24. 24. Annotated Output: a, b. c’ paths Coeff = Slope; SE = standard error; t = t-statistic; p = p-value LLCI & ULCI = lower and upper levels for confidence interval a-path b-path c'-path (direct effect)
  25. 25. Annotated Output: c-path c-path (total effect)
  26. 26. Annotated Output: Effect Size & Significance of Indirect Effect Effect Size 1: abcs (Report the 95% CI For this) Effect Size 2: PM (Don’t use the 95% CI For this) Upper and Lower Bootstrapped 95% CI a*b or “indirect effect” Report the 95% CI for this If the CI for a*b does not include zero, then mediation has occurred!
  27. 27. Reporting Mediation Analysis There was a significant indirect effect of conscientiousness on overall physical health through health-related behaviours, ab = 0.21, BCa CI [0.15, 0.26]. The mediator could account for roughly half of the total effect, PM = .44. Conscientious Personality Overall Physical Health Health-Related Behaviours0.52*** 0.39*** 0.26*** (0.47)***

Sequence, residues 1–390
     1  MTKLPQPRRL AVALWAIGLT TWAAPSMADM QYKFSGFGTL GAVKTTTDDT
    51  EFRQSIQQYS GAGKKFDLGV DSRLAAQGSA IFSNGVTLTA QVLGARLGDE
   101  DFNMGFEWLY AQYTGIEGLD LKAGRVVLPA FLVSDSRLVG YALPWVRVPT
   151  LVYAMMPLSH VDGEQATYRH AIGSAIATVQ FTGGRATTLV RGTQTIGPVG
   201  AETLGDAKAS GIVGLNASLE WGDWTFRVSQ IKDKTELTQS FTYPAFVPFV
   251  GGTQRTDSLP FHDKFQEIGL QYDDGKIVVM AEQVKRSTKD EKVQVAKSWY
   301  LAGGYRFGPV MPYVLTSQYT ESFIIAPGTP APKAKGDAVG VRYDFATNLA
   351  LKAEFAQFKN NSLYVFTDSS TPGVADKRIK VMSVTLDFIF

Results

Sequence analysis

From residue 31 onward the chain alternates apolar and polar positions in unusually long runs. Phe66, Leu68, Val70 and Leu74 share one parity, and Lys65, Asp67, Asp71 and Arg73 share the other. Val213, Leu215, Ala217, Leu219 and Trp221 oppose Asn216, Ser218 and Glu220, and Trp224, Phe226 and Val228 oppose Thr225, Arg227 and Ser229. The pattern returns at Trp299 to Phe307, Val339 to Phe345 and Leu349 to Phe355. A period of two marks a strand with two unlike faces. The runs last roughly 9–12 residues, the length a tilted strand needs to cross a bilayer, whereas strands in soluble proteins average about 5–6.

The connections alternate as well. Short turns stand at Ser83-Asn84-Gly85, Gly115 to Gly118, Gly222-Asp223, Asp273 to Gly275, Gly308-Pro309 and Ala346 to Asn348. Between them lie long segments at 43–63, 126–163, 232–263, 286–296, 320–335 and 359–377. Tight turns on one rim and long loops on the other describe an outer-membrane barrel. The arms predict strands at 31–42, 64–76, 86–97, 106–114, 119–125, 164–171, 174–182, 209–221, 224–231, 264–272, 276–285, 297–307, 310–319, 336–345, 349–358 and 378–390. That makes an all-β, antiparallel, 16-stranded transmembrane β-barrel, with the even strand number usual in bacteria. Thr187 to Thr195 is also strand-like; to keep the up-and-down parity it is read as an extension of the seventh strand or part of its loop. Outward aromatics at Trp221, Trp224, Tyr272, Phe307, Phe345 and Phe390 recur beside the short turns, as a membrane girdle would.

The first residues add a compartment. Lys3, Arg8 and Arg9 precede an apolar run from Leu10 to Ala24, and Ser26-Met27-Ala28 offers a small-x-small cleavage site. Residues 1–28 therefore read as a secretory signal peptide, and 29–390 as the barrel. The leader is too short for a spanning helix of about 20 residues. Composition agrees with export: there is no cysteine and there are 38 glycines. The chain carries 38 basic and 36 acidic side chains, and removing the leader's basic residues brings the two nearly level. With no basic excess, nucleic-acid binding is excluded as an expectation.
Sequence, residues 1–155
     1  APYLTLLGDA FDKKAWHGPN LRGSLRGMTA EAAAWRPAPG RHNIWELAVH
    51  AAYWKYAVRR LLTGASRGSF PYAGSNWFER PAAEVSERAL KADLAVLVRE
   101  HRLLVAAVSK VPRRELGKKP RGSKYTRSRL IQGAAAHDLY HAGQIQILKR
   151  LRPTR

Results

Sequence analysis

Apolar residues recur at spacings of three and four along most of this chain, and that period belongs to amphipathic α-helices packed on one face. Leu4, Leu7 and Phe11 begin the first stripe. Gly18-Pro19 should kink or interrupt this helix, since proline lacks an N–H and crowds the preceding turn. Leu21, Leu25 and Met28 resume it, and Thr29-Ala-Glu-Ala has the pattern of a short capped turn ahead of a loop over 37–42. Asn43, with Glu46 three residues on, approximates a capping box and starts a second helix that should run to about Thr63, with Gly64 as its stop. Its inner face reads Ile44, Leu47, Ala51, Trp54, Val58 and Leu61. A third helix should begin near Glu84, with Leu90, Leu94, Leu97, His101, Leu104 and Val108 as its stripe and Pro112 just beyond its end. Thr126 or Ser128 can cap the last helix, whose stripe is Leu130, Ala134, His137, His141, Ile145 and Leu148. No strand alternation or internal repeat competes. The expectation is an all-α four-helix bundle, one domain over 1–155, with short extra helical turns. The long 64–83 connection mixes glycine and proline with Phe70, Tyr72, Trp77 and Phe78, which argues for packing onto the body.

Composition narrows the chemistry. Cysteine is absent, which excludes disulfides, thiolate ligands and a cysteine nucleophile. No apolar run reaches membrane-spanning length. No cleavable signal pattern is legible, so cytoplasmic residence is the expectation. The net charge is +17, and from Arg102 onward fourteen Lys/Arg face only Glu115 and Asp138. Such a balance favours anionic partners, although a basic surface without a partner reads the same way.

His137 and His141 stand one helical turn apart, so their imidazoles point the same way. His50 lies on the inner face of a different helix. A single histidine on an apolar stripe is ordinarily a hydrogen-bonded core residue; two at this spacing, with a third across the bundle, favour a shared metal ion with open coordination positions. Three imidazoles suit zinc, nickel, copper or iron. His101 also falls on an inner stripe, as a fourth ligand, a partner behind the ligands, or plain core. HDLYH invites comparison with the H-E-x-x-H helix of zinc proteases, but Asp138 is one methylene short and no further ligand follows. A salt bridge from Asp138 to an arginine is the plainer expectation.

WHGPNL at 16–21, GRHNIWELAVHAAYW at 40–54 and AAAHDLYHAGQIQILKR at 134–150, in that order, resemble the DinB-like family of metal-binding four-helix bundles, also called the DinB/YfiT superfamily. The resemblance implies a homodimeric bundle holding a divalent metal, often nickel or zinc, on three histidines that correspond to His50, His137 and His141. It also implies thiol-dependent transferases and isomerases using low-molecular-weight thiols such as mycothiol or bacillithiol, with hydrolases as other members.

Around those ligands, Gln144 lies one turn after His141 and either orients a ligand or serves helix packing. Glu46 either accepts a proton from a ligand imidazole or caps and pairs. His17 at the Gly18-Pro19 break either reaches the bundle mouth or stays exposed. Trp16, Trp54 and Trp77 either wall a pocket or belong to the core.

28. 28. Questions / Contact Thank you for your time!  • Email: mackinnon.sean@dal.ca
  29. 29. Appendix: Syntax *Make sure to run the process.sps macro first, or this won’t work! *This is an alternative to running using the GUI PROCESS vars = health bfi.c behave /y=health/x=bfi.c/m=behave/w=/z=/v=/q=/ model =4/boot=1000/center=0/hc3=1/effsize=1/ normal=1/coeffci=1/conf=95/percent=0/total=1/ covmy=0/jn=0/quantile =0/plot=0/contrast=0/ decimals=F10.4/covcoeff=0. 2015-03-24